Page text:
Symphony No. 49 (Haydn)


Symphony No. 49 (Haydn)

The Symphony No. 49 in F minor (Hoboken 1/49) was written by Joseph Haydn. It is popularly known as La passione (the Passion).

Date of composition and scoring

It was written in 1768 during Haydn's Sturm und Drang period.

The four movements follow the what was by then archaic Sonata da chiesa pattern: slow-quick-slow (minuet)-quick. It was the last time Haydn was to follow this scheme in a symphony.

The scoring of the symphony is typical of Haydn in this period: two oboes, bassoon, two horns, strings and continuo.

Nickname (La passione)

As with all the other titles that have become attached to Haydn's symphonies, this did not originate with the composer himself. It was long-believed that the nickname "La passione" or The Passion derived from the nature of the music itself: the slow opening movement of the sinfonia da chiesa, its minor key modality and its association with the Sturm und Drang period of Haydn's symphonic output. Drawing from this traditional reading, H.C. Robbins Landon has described it as "dark-hued, somber - even tragic." [Landon, Haydn Chronicle, vol. 2, 290.]

However, the nickname can be traced back to a single source from a performance given during Holy Week in the Northern German city of Schwerin in 1790, where secular music was banned from performance between 1756 and 1785. This suggests that the name was derived circumstantially and not thematically and that reading the symphony as having a Passion-related motif is post-facto interpretation. As Elaine Sisman has discovered,

The traditional view of this symphony is, however, strikingly at odds with the title transmitted in a Viennese source, now at the Gesellschaft der Musikfreunde: "Il Quakuo [recte quacquero] di bel'humore" - that is, the good-humored, good-natured, or waggish Quaker. The complete inscription reads: "nel suo antusiasmo [sic] il Quakuo di bel'humore. / questa Sinfonia serve di Compagna a quella / del Philosopho Inglese dell' istesso autore."' [cite journal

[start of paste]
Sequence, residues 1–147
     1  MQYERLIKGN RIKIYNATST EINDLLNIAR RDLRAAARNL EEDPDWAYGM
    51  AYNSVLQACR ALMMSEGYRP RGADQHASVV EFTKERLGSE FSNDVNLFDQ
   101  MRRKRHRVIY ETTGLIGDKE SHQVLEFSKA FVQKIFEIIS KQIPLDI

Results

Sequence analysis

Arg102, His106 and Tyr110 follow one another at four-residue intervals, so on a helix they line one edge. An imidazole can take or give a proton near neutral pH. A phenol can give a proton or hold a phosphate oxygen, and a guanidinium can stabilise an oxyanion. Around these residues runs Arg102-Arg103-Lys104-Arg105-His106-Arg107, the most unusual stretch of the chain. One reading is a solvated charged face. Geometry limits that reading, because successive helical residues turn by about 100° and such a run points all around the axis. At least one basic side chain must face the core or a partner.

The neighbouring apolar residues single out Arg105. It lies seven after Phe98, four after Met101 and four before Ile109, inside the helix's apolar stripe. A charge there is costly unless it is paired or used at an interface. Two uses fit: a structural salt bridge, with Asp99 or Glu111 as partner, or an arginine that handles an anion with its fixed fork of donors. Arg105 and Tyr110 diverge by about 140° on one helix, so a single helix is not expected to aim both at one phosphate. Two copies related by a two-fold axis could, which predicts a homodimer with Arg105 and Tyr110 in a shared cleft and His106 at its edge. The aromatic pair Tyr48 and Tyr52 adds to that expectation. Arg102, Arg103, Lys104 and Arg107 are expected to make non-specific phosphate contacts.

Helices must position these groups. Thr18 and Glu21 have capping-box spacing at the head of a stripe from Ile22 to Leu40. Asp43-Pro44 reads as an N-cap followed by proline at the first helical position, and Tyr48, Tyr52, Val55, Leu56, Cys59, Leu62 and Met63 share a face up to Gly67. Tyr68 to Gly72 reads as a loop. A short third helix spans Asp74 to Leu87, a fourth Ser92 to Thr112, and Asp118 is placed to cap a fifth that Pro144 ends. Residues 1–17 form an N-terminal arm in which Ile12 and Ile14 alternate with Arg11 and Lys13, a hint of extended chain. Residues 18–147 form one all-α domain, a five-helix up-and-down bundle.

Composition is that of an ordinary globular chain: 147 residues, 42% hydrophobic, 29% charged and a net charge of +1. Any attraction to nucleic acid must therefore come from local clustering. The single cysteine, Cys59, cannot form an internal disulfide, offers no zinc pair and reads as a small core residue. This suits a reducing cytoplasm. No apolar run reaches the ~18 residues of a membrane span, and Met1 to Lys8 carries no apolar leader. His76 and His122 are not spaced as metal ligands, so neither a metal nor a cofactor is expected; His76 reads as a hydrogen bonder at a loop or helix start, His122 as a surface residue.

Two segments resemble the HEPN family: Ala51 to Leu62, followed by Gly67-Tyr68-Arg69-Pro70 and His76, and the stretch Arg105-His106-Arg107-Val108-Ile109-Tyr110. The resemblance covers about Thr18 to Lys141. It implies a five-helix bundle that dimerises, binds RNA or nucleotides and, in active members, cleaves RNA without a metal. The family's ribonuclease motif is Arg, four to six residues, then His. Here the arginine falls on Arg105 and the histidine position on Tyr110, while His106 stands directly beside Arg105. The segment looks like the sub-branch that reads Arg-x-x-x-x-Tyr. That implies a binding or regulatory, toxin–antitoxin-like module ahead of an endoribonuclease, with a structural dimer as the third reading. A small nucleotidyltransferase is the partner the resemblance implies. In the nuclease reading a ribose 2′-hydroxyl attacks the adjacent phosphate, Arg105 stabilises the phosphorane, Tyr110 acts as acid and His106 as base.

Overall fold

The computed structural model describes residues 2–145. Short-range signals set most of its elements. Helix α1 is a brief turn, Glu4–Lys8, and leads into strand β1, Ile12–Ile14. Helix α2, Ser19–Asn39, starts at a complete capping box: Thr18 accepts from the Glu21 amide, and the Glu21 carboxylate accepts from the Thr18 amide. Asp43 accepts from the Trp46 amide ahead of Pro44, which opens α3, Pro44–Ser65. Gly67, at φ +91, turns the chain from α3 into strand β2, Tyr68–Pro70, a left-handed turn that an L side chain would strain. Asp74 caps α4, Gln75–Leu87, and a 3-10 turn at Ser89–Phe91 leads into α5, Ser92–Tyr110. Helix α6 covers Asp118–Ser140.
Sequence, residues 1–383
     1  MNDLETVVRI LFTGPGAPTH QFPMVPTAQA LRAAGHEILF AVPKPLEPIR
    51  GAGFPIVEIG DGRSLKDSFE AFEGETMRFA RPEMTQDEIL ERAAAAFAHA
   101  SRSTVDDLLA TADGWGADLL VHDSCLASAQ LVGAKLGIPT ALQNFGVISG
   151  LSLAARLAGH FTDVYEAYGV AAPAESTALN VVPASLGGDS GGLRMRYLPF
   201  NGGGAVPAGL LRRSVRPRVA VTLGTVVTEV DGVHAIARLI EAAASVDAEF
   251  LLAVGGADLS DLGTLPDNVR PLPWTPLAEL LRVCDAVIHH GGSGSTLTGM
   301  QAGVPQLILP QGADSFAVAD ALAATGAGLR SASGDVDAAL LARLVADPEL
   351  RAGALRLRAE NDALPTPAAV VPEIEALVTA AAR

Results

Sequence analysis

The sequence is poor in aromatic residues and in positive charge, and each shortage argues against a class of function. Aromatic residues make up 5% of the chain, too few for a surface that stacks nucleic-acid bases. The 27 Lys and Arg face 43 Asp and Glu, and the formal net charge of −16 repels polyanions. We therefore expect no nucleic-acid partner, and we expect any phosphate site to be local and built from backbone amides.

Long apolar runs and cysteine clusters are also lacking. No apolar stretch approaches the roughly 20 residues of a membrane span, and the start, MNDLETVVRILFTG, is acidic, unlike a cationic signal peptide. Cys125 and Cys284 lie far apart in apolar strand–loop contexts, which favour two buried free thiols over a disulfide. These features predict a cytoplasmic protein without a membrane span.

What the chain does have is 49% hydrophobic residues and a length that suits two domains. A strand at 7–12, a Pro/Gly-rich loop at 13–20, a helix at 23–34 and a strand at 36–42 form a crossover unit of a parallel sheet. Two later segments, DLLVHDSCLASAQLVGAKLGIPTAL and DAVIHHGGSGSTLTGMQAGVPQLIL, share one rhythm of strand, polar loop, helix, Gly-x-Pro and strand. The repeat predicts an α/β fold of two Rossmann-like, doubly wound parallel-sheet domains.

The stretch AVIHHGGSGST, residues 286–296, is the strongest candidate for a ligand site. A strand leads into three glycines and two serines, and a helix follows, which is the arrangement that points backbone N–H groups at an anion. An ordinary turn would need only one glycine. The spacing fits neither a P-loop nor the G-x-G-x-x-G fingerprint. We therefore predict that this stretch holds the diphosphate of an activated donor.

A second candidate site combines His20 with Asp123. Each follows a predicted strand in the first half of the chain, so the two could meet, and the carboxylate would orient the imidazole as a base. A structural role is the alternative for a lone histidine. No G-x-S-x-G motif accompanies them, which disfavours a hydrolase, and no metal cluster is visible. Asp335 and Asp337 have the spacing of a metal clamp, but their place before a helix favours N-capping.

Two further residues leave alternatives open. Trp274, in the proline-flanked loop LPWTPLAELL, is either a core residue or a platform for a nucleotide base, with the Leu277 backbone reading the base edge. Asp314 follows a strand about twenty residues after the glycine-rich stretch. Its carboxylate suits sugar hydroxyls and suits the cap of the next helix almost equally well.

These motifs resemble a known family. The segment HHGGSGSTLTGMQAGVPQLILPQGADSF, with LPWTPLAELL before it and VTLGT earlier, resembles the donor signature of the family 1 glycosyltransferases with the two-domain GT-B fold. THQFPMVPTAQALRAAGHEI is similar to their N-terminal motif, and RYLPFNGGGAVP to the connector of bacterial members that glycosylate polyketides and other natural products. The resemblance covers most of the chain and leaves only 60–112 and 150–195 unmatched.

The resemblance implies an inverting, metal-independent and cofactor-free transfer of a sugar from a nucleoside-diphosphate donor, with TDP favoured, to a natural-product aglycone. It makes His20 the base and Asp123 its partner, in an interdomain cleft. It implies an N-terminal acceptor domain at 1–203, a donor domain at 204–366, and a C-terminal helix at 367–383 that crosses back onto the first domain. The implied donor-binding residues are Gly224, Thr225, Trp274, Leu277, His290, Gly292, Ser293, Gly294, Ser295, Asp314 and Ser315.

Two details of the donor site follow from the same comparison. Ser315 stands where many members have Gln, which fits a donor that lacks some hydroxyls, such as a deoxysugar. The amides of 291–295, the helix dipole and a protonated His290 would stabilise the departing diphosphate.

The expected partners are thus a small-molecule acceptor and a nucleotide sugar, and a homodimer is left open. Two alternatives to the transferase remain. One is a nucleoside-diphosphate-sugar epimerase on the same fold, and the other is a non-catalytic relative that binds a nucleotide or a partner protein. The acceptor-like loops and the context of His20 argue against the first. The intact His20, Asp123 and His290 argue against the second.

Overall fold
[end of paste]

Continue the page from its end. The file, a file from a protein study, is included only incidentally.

last = Sisman
first = Elaine
title = Haydn's Theater Symphonies
journal = Journal of the American Musicological Society
volume = 43
issue = 2
pages = 332
date = Summer 1990
url = http://links.jstor.org/sici?sici=0003-0139%28199022%2943%3A2%3C292%3AHTS%3E2.0.CO%3B2-Y
issn =
accessdate = 2008-08-06
]

This suggests that, far from being a passion-related work, the symphony has, in part at least, a theatrical provenance - a fairly common origin for Haydn's symphonic works (See, e.g. Symphonies No. 59 and 60). There was, in fact, a popular play to which this inscription likely refers. Die Quäker was the title under which Chamfort's 1764 comedy "La jeune indienne" was published in German. It was a popular stage piece in Vienna during the late 1760s and early 1770s. It is possible, therefore, that the "dark hued" reading of the symphony was, in fact, an insouciant characterisation of the earnest Quaker figure from Chamfort. [Sisman, 331-336. See also Symphony No. 34, which Sisman idfentifies on musical grounds as the companion piece referred to.]

Movements

* I. Adagio
* II. Allegro di molto
* III. Menuet e Trio
* IV. Presto

All the movements are in F minor, although the trio is in F major, providing a glimpse of brightness in the generally pessimistic scene. The two quick movements are notable for their forward drive and relentless energy.

References

See also

*List of symphonies by name

References

*Robbins Landon, H. C. (1963) "Joseph Haydn: Critical Edition of the Complete Symphonies", Universal Edition, Vienna


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